Twitter has not yet commented on whether a now silent tweet saying that President Donald Trump is worse than Nazi leader and former German chancellor Adolf Hitler broke his rules.
“Donald Trump is no Adolf Hitler. At least Hitler improved the daily lives of his followers, had discipline and demanded more from himself to win the respect of his followers. Even with the same pathology, there are different levels of competence,” wrote Dr. Bandy X. Lee.
Lee, who has 91,800 followers, is president of the World Mental Health Coalition, a forensic psychiatrist, and co-author of The Dangerous Case of Donald Trump, a book of essays that describe Trump as mentally unstable.
Her tweet may have violated Twitter’s guidelines on “hateful behavior” and may have encouraged violence against Trump by comparing him to the notorious Holocaust warden who killed 11 million people.
The Tweet was posted at 10:20 EST and deleted at 12:30 EST. During his short life, it was accused by numerous users of praising Hitler, falsely insulting Trump or being insensitive to Jews and others killed in the Holocaust.
Finally, she deleted the tweet because it “upset so many people and did not make them think, but on the contrary,” she wrote, adding: “My explanation was about how little Donald Trump believes he has to do to retain his followers, NOT to play down the atrocities of Adolf Hitler.
Twitter did not respond to a request from Washington Newsday.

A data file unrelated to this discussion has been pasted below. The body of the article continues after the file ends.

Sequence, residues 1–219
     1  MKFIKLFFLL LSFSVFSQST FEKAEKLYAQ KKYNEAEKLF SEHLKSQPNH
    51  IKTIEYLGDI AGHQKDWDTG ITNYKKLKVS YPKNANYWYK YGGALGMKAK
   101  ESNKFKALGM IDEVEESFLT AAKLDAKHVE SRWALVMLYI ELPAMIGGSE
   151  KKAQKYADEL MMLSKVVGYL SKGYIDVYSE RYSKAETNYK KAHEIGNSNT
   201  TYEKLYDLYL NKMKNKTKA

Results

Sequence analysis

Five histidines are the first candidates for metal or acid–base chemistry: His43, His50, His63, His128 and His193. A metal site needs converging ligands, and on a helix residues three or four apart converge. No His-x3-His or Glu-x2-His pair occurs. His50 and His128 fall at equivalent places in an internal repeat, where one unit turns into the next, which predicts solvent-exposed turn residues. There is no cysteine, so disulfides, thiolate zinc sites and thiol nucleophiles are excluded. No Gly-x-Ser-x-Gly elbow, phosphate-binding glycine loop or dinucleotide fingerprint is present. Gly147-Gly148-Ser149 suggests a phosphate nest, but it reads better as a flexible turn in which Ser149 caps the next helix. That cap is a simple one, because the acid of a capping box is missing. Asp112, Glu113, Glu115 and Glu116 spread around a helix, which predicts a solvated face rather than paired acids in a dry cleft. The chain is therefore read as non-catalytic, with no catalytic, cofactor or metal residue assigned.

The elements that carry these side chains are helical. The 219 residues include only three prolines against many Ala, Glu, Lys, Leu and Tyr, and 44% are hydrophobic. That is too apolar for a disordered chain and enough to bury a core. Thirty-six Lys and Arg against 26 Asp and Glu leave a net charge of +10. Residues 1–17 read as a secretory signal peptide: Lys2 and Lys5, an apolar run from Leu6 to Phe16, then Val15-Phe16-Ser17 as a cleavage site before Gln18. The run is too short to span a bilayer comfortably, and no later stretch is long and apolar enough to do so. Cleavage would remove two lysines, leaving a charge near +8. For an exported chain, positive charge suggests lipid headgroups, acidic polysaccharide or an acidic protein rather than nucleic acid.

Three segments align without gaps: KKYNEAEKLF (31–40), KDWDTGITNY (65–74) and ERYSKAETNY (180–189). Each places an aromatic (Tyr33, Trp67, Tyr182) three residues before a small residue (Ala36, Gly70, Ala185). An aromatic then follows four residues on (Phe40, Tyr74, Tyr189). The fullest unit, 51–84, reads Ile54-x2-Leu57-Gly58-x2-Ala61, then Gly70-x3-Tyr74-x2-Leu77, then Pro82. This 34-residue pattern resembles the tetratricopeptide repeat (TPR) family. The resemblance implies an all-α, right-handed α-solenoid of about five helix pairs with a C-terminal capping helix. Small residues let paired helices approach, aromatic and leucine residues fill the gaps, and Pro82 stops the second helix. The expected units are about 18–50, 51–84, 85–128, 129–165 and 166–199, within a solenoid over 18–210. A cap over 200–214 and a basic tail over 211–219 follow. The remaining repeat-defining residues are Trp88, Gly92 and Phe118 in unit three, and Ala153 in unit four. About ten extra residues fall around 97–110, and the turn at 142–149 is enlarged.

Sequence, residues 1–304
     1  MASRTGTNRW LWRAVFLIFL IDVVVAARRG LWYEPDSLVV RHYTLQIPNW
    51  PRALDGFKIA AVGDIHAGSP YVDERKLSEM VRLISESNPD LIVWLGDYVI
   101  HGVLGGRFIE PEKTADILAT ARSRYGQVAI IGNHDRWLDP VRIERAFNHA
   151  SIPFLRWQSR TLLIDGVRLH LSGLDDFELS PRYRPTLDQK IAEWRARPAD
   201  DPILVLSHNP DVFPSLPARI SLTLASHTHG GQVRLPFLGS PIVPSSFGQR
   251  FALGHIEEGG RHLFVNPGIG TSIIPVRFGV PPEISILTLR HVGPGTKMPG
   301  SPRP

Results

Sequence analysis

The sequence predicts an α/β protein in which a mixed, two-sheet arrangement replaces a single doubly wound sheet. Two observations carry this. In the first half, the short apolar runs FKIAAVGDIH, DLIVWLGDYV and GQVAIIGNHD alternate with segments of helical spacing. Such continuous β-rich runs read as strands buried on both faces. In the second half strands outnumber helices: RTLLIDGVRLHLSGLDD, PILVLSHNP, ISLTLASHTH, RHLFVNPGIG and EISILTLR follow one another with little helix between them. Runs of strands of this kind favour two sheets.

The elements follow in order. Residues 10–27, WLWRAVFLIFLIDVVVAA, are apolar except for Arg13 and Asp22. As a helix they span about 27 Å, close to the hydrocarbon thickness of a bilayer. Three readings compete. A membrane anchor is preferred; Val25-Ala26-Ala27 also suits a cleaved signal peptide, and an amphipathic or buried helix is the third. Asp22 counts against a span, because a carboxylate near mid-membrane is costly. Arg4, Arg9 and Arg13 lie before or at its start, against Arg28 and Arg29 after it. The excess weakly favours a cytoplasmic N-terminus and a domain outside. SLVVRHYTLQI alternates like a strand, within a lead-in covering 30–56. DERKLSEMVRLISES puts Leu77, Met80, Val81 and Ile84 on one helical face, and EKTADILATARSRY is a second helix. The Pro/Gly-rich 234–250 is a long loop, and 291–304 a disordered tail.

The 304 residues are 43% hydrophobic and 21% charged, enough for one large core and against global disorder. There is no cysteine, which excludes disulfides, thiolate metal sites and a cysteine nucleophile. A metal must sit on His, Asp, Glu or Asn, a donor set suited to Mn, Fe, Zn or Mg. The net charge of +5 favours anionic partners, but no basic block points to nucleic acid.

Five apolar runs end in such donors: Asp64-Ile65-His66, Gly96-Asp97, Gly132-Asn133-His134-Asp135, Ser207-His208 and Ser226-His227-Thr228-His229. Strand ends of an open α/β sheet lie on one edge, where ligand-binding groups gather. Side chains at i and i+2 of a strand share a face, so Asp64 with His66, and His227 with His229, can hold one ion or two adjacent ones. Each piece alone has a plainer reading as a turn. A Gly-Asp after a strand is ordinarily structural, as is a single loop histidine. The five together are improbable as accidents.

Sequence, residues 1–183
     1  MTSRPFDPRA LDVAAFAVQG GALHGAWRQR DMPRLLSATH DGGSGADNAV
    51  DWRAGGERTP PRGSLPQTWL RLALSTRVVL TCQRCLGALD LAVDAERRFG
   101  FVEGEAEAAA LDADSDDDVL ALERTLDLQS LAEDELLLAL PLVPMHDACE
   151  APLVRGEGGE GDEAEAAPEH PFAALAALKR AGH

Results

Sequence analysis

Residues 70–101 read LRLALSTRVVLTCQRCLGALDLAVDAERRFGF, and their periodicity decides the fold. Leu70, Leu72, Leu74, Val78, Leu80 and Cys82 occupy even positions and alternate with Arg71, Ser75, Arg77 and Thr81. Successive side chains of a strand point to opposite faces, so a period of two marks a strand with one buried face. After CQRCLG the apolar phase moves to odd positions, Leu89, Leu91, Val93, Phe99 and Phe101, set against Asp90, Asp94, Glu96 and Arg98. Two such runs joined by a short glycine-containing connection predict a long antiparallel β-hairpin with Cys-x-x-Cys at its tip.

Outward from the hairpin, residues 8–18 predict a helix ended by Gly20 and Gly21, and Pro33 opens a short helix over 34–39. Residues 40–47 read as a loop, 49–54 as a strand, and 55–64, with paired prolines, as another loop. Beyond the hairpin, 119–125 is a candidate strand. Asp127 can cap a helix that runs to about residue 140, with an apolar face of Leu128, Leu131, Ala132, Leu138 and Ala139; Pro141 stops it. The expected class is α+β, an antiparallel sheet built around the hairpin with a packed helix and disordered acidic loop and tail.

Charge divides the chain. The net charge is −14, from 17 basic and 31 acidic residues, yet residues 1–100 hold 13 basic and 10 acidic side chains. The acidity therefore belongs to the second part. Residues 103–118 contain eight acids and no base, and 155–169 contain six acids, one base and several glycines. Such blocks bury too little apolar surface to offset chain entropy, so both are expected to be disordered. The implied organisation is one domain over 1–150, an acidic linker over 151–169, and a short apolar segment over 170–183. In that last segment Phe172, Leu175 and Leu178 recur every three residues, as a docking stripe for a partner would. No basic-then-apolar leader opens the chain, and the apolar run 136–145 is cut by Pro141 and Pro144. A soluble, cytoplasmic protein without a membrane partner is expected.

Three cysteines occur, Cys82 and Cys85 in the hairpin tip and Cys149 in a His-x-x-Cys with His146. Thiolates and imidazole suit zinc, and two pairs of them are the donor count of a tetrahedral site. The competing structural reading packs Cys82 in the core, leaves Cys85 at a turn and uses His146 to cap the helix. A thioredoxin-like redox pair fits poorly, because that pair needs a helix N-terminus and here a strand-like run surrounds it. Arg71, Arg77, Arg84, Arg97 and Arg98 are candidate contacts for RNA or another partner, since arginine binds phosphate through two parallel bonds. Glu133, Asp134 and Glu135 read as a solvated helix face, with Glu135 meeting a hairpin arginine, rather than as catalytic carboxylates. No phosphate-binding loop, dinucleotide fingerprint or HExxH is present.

Lee’s tweet is just the latest case of users bowing to Twitter and possibly breaking the rules.
Most recently, Twitter suspended the New York Post’s account for violating its policy on “hacked material” after the Post spread a story based on emails allegedly coming from a laptop belonging to Hunter Biden, the son of Democratic presidential candidate Joe Biden. Twitter later reversed its decision and restored the Post’s account.
When Trump was diagnosed with COVID-19 in early October, many people broke the Twitter policy that forbade “hoping someone would die of a serious illness” by openly wishing for the president’s death. It is unclear whether Twitter has ever acted against users who expressed such wishes.
A study conducted by the European Commission on the reactions of social media platforms to hate speech showed that Twitter reacts more slowly to hate speech than Facebook or YouTube.
Over a six-week period between November 4 and December 13, Facebook accessed hate speech notifications in 95.7 percent of cases in less than 24 hours, YouTube in 81.5 percent of cases and Twitter in 76.6 percent of cases over the same period.